Three days is the minimum I recommend for visiting Banff even though you can easily spend here a week or two. Nevertheless, if you have one more day to spend, I suggest exploring Canmore, the neighbouring mountain town to Banff or driving to Yoho National Park.
While most tourists know Banff because of its huge marketing campaign, Canmore is lesser-known and less crowded. It’s located outside the national park right before you reach Banff when you’re driving from Calgary.
Canmore’s atmosphere is filled with outdoor and adventurous activities, such as rock climbing, mountain biking, hiking, and stand up paddleboarding.
Take a walk through the Policeman’s Creek and photograph the famous Three Sisters, hike to Grassi Lakes or Ha Ling Peak, enjoy a stand-up paddleboarding session at Rundle Forebay or ride a mountain bike at Canmore Nordic Centre.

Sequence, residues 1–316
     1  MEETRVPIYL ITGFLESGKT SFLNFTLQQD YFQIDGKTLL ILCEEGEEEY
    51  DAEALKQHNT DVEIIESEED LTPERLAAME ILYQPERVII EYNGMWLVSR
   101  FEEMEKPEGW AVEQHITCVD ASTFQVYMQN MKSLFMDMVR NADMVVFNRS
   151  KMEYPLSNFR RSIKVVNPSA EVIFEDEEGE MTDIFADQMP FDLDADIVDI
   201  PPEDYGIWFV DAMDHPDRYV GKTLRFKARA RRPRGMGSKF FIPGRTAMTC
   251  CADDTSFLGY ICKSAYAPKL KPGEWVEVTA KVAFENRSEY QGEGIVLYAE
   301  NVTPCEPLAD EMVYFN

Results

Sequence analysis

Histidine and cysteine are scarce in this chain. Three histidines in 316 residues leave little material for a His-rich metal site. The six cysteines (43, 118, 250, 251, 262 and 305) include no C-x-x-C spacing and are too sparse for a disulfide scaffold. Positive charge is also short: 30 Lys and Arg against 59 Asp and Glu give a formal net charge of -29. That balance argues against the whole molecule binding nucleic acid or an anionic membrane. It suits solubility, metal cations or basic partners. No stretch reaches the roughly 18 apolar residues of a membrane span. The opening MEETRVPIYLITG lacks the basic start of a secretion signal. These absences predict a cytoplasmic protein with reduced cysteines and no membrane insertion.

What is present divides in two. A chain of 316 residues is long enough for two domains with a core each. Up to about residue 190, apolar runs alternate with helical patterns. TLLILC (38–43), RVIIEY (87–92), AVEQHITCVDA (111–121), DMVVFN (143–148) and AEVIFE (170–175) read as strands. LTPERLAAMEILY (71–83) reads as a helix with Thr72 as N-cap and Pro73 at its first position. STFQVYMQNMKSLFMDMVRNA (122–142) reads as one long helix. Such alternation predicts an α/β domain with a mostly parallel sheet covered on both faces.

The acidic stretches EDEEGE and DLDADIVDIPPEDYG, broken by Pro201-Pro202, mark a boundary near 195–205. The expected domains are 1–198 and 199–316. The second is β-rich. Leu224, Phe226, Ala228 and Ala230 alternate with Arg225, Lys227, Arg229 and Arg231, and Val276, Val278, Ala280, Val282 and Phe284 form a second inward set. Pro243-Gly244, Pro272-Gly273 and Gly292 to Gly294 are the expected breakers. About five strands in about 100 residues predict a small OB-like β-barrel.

If you’d like more suggestions, read our post 20 fun things to do in Canmore.
Yoho National Park
Yoho National Park is much smaller than its neighbours, but it’s packed with stunning landscapes and mountain scenery. It’s about 1 hour from Banff and a 25-minute drive from Lake Louise.
You can visit Takakkaw Falls, the 2nd highest waterfall in Canada and hike the Iceline Trail for stunning glacier and waterfall views. Then drive to Emerald Lake and rent a canoe. If you want to rent a canoe right on the lake, this is the most affordable option in the Rockies (1 hour for 70 CAD).
Tips for visiting Banff
How to get to Banff
Banff is a small town tucked in the Canadian Rockies, with the closest airport being Calgary. While there are some shuttles from Calgary to Banff, it’s a less convenient option if you’re short on time. You can see a breakdown of options in our post on how to get from Calgary to Banff.
For exploring the national park, you will need to rent a car. Calgary airport has many car rental companies although you will get a better price renting from downtown.